A missed period is often the first sign of pregnancy. Some people may experience mild uterine cramps in the first few weeks, among other symptoms. Here’s what to watch for and what to do next.
Your breasts are sore, you’re tired and cranky, and you’re craving carbs. You also may be experiencing uncomfortable cramping.
Sounds like you’re about to start your period, right? It may surprise you to learn that these symptoms could all be early signs that you’re pregnant, not premenstrual.
The majority of these symptoms are related to surging hormones. And while every person is different, some symptoms are more common than others.
Breasts that are tender, sore, or swollen can be a sign of an impending period. But these same symptoms can also indicate that you’re pregnant.
Hormonal changes during early pregnancy can cause breasts to feel sensitive or sore. They can also feel heavier or more full. You may notice that your areolas, or the skin around your nipples, are becoming darker.
Morning sickness is a classic symptom of early pregnancy. It can persist into later trimesters, too.
Despite the name, you may experience nausea at any time of the day or night, not just in the morning. Morning sickness can sometimes begin as early as three weeks after implantation.
Blame this symptom on those early pregnancy hormones and an increase in the volume of your blood. Together, they can mean more frequent headaches.
If you’re prone to migraine episodes, you may experience more of them during pregnancy. Some people also experience fewer migraine episodes.
Fatigue is another by-product of soaring hormones at the beginning of a pregnancy.
Progesterone, in particular, is the culprit here: It can make you feel very tired.
During pregnancy, your blood vessels dilate, and your blood pressure drops. Together, this can make you feel lightheaded.
There are other symptoms of early pregnancy you might experience, including:
- Slight bleeding: For some people, an early symptom of pregnancy is spotting. It’s called implantation bleeding, which happens about 10 to 14 days after the fertilized egg attaches to the uterine lining. This kind of bleeding doesn’t last long, and it usually happens around the time you’d normally have a period. This can be misleading. The difference is that implantation bleeding isn’t typically as heavy as menstrual bleeding.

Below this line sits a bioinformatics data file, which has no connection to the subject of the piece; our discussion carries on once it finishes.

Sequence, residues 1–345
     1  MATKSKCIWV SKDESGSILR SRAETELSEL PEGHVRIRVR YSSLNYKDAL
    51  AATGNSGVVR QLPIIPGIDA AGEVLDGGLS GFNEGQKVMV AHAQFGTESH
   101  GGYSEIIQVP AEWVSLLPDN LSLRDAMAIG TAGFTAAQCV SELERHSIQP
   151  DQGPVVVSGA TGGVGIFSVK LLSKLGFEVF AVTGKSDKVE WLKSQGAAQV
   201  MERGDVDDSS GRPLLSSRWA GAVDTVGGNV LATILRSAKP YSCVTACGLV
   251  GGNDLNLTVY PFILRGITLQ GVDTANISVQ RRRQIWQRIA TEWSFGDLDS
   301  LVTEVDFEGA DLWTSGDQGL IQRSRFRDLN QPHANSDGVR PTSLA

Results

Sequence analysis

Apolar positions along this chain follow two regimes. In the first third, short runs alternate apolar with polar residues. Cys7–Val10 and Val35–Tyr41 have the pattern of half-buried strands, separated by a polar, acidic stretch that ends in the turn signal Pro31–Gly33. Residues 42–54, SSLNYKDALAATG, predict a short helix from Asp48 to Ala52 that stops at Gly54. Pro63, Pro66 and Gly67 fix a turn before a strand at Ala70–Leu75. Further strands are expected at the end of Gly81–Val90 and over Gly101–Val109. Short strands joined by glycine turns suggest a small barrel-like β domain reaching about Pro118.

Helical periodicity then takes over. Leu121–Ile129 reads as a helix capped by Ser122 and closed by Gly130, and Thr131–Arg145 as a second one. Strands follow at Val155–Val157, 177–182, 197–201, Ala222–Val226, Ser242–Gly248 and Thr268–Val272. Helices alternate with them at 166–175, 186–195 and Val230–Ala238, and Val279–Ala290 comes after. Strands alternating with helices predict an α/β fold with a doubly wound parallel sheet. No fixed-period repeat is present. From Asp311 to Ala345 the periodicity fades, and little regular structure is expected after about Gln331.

- Rapid shifts in mood: If you’re feeling particularly emotional or find yourself bursting into tears, it may be a result of pregnancy hormones.
- Constipation: A sluggish digestive system is another hormone-related symptom some people experience during pregnancy.
- Backaches: While lower back pain can be a problem for the length of a pregnancy, some people notice it very early on.
- Frequent urination: Somewhere between six to eight weeks after implantation, you may find that you have an increased need to urinate but don’t feel any pain or discomfort like you would with a urinary tract infection.
While all of these symptoms can be signs of early pregnancy, they can also mean something else altogether.
A missed period, in particular, may be caused by:
The reverse is also true: You may have none of the symptoms discussed in this article and still be pregnant.
It’s also important to understand that these symptoms aren’t exclusive to pregnancy. That means there are other reasons that you could be experiencing them.
If your period is late and you notice any of these symptoms, consider taking a home pregnancy test. You might also make an appointment with a healthcare professional to confirm your results and discuss your options.